I'm in shorts and sandals right now and I haven't shaved in days (but I'm no hobo). Last time I wore a tie to work... I was a waiter.

On Jul.19.2005 at 03:46 PM
DesignMaven’s comment is:


To get more insight into the Culture of Landor.

contact JonSel. The Identity High Priest of Speak Up.

You can reach JonSel at jon@jonsel.net

Don't ask Felix, he's just a GRUMPY ole Identity Guru. And will SLAY your DREAMS.

I kid , I kid.

I can't tell you anything. Cause none of those First Tier Consultancies will Hire Me.

Serously, the culture in San Francisco and New York Landor are the same. Except a vast difference in Weather.

Landor is hard work. Regardless if your an intern, Designer or Management.




Dark and TAN, and Tall and Lovely the Girl from...

On Jul.19.2005 at 03:48 PM
debbie millman’s comment is:

funny article about a women's lacrosse team wearing flip-flops (as if!) at the White House.

as for me--my office is a disaster--stuff everywhere: snowglobes, books, a life-sized poster of a guy that left Sterling that i love, more books, magazines, visitor passes (i have collected them for about 12 years--every client i visit), weird overseas packaging, coffee cups, pens (i am a pen thief--i nab pens from all the hotels i stay in) pictures of my furry friends Scruffy, Duff, Rothko and Lucy, tons of chairs, a giant stuffed Mr. Peanut, a totally cool Paul Sahre poster, an amazing painting by Benjamin Franklin Perkins, and so on. HOWEVER--I always dress up for work. Despite my notoriously bad taste in shoes, I always try to look as if I know what I am talking about, and the clothes seem to help. I think.

On Jul.19.2005 at 04:12 PM
Lyndi ’s comment is:

since this is the first in-house design job ive had i guess i really have nothing to compare it to besides freelance and we all know we just wake up in our pj's and plug away...clothes? what's that?

but the culture in my design firm is quite an array of eyefulls.

we got 1. the preppy, well dressed, always annoying in style girl; 2. the girl who dresses both very modern, classic, with a tad of her own trendy flare but really never overdoing it; 3. the intern-they all dress the same so im not bothering. 4. the new girl; classic and conservative-keeping it safe for the new aspect. 5. the boys-relaxed trendy surfer look. 6. and then there is me; i never know what im gonna wear until 15 minutes before i leave. and thats a bad thing folks because sometimes im not awake! it could be the shirt i slept in or a suit coat. its really sometimes so scary that at lunch i actually go home and change! flip flops with a skirt or heels with denim, whatever floats your boat.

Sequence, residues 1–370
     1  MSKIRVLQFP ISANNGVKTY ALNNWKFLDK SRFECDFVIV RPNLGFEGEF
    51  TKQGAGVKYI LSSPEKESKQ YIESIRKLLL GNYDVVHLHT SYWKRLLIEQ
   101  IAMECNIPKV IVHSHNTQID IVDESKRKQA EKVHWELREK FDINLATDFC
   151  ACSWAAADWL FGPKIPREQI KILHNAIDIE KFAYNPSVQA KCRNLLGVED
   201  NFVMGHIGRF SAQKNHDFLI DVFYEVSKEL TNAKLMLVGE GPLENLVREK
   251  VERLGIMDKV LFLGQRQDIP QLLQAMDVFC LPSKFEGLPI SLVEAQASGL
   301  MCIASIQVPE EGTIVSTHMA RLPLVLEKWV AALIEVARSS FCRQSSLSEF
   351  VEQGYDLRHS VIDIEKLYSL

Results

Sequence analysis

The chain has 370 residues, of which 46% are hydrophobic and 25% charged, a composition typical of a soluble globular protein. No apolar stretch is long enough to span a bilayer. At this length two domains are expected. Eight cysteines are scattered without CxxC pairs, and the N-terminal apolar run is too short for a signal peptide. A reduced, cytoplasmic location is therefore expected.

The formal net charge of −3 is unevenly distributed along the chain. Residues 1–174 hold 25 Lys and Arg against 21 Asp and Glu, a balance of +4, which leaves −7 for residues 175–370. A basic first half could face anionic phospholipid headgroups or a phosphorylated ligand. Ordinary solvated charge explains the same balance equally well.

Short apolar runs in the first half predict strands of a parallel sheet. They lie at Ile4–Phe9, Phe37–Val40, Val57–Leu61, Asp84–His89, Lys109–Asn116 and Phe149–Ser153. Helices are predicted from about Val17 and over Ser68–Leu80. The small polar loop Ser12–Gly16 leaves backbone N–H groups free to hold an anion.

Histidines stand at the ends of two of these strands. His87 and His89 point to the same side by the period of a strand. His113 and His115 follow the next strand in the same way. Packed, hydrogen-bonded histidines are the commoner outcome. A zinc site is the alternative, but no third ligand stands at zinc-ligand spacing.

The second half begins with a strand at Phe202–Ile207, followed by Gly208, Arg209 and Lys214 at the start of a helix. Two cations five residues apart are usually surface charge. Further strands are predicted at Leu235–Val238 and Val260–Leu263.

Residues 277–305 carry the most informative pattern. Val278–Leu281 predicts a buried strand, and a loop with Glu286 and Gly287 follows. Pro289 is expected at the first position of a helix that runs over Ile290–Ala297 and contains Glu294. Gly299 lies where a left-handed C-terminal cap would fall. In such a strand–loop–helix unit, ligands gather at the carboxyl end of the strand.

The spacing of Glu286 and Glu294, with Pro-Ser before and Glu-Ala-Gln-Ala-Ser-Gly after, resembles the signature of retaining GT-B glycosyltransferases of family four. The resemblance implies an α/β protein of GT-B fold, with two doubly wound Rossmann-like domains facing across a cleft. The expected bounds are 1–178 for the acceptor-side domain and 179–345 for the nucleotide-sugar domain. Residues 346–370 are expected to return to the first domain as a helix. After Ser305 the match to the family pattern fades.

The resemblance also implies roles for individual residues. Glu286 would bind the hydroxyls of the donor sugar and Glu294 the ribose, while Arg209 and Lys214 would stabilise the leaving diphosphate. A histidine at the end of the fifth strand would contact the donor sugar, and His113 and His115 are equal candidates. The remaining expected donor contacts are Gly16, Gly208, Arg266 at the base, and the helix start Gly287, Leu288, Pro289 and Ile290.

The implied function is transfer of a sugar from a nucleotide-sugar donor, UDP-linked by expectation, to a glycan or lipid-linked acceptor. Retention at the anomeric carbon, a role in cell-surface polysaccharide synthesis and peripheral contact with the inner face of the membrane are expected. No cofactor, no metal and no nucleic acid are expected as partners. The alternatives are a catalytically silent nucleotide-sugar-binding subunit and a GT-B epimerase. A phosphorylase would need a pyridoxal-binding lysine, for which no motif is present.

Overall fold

chaos or controlled? thats tough. controlled chaos.

i believe our culture is defined by the vast array of individuals here and our different disciplines; environmental, interiors, and graphics. we have anyone from carpet reps, contractors, to programmers here. so in an odd way i think discipline defines it more since interiors has much more meetings and more cients here.

overall the grass is greener wherever the team gets along better. i could care less what a dress code was i would honestly be happier at a place where everyone got along. good energy is really important to me and ill wear a bunny costume all day to have that.

On Jul.19.2005 at 04:37 PM
chad r.’s comment is:

I've been at my latest place of employment for about 2 years. It's culture is academic, professional, structured, and bogged down with many layers. We have a professional dress-code and present ourselves as a strategic business partners. Yet, there is room for some awesome leaps and bounds here creatively. It may take longer, but I'm not complaining. The people here are great and our growing potential is part of the "big picture."

With all the suits and formality, I was skeptical to accept this opportunity. I couldn't feel/see/hear any of the creative vibe of my previous gig...

my former place of labor...

A boisterous version of Agency B that had the welcome flair of a rich uncle.